At the very least being abused will make you miserable. At the very worst it will damage you beyond repair both physically and mentally.


Get better help. If they can safely contact an abuse hotline, they would probably get better, more qualified help than by asking me. It’s better if they can talk to the hotline directly so the person on the phone can get the information first hand. “Get out” is easier said than done, and a hotline will be more familiar with the resources needed to help them get out.

If they can’t contact a hotline safely, then they might find an excuse to get a checkup with a doctor. I know the people at our Kaiser Permanente always ask if the patient feels safe at home, so the hospital would be equipped with the knowledge and resources to help people in abuse situations, and I imagine most other large hospitals would have something similar. They would also be better equipped to help people realize that they need to get out.


There’s the simple answer: Get out of it ASAP and go to the authorities. I’m sure that deep down the abused person wants a happy and loving relationship instead of an abusive one.

But there’s actually more to that. A master abuser would gradually imprison her with emotional manipulation and blackmail in various forms, and lower her self-esteem enough to fear getting out of the relationship. It’s going to be emotionally hard for some people to get out of an abusive relationship. But they should realize that it doesn’t have to be this way, no matter how their egos currently feel. They have the potential for a happy relationship and a happy life, no matter what the ego says. They can do that by simply getting out of the relationship and reporting the abuse. If they want better, they have to be courageous take the first step. Courageous meaning doing it anyway, despite all the fear trying to weigh in on them. That’s the thing they must do.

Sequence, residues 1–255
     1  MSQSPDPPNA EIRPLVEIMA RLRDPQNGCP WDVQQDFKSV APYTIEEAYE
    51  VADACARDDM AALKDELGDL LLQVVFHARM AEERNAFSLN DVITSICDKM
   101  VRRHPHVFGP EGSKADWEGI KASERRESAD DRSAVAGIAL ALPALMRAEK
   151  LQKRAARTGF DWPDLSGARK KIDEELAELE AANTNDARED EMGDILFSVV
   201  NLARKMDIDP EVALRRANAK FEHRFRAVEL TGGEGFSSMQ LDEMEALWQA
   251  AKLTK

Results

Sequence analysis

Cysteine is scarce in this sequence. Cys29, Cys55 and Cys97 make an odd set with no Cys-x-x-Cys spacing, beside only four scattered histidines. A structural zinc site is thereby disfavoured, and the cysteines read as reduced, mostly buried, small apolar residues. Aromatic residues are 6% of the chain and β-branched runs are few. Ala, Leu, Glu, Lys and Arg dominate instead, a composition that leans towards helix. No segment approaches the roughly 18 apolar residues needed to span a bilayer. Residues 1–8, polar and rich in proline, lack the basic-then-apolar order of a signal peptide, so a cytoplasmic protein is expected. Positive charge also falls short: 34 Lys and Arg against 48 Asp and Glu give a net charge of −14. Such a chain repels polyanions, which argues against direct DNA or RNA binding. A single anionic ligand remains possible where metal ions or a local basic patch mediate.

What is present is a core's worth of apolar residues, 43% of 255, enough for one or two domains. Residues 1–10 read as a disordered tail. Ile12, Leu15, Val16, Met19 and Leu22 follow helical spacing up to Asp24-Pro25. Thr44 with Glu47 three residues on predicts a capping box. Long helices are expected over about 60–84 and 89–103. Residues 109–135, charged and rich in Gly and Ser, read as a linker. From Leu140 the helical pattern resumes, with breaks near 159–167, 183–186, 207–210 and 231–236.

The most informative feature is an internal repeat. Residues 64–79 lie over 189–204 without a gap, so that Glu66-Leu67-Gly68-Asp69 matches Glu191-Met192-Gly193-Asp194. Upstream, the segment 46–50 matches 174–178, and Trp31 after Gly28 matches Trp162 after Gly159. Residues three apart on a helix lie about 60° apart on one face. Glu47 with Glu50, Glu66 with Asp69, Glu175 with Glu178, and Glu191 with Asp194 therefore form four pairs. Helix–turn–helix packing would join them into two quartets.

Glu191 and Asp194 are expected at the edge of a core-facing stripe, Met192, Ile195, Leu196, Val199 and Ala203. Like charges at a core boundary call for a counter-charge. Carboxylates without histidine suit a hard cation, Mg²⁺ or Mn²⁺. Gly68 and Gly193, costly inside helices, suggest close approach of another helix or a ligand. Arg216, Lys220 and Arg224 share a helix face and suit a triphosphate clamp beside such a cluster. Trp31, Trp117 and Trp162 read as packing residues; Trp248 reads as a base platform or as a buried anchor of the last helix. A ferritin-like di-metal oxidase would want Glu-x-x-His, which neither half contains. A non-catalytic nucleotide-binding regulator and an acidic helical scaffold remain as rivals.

My question to you readers is this ;


With love, Nelly.



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9 replies

  1. My advice is sometimes it’s okay to put yourself first. Love yourself. Know that you are loved. Stay strong and fight your hardest to get out. Seek help.

    Liked by 1 person

  2. Dealing with domestic abuse is one of the most negative things I have ever had to deal with. I know the affects and how it can cause long term negative things for the rest of my life. All you can do is take it one day at a time and keep moving forward and never look back.

    Liked by 1 person

  3. Really enjoying this series! This is a very sensitive topic and I think you tackled it very well!

    Liked by 1 person

  4. This is personal. I just walked away from an abusive relationship. It started verbally, then emotional and mentally and as I started getting my power back to speak, it got physical.
    To this day, he hates when ppl tell him I’ve told our story. I have the messages “don’t act like what happened wasn’t warranted” or “you got people thinking I was beating on you” BUT WHAT DO YOU CALL A PERSON WHO ASSUALTS HIS LOVER?!

    My advice GO. lose everything. Drop off the map. Get FAR THEE FUCK AWAY. If the lover is comfortable verbally abusing you especially publicly, it’s only gonna get worse. It’s a control and manipulation process. It took me a while to get the strength and leave. And sadly I still have the bruises to remind me. 😢 this just took me back to a place I tried to bury. Thank you for sharing.


  5. Coming from somebody that’s been in an abusive relationship, this is all very helpful. Sometimes getting out just isn’t easy, especially if we’re being threatened. He threatened my family, friends, pets… threatened to break expensive equipment I needed for blogging and photography. The best thing you can do for somebody in an abusive relationship is lend an ear, offer support, a place to stay, help of any kind. Otherwise, we feel abandoned or as if we’re being lectured for something we have very little power to control.

    Liked by 1 person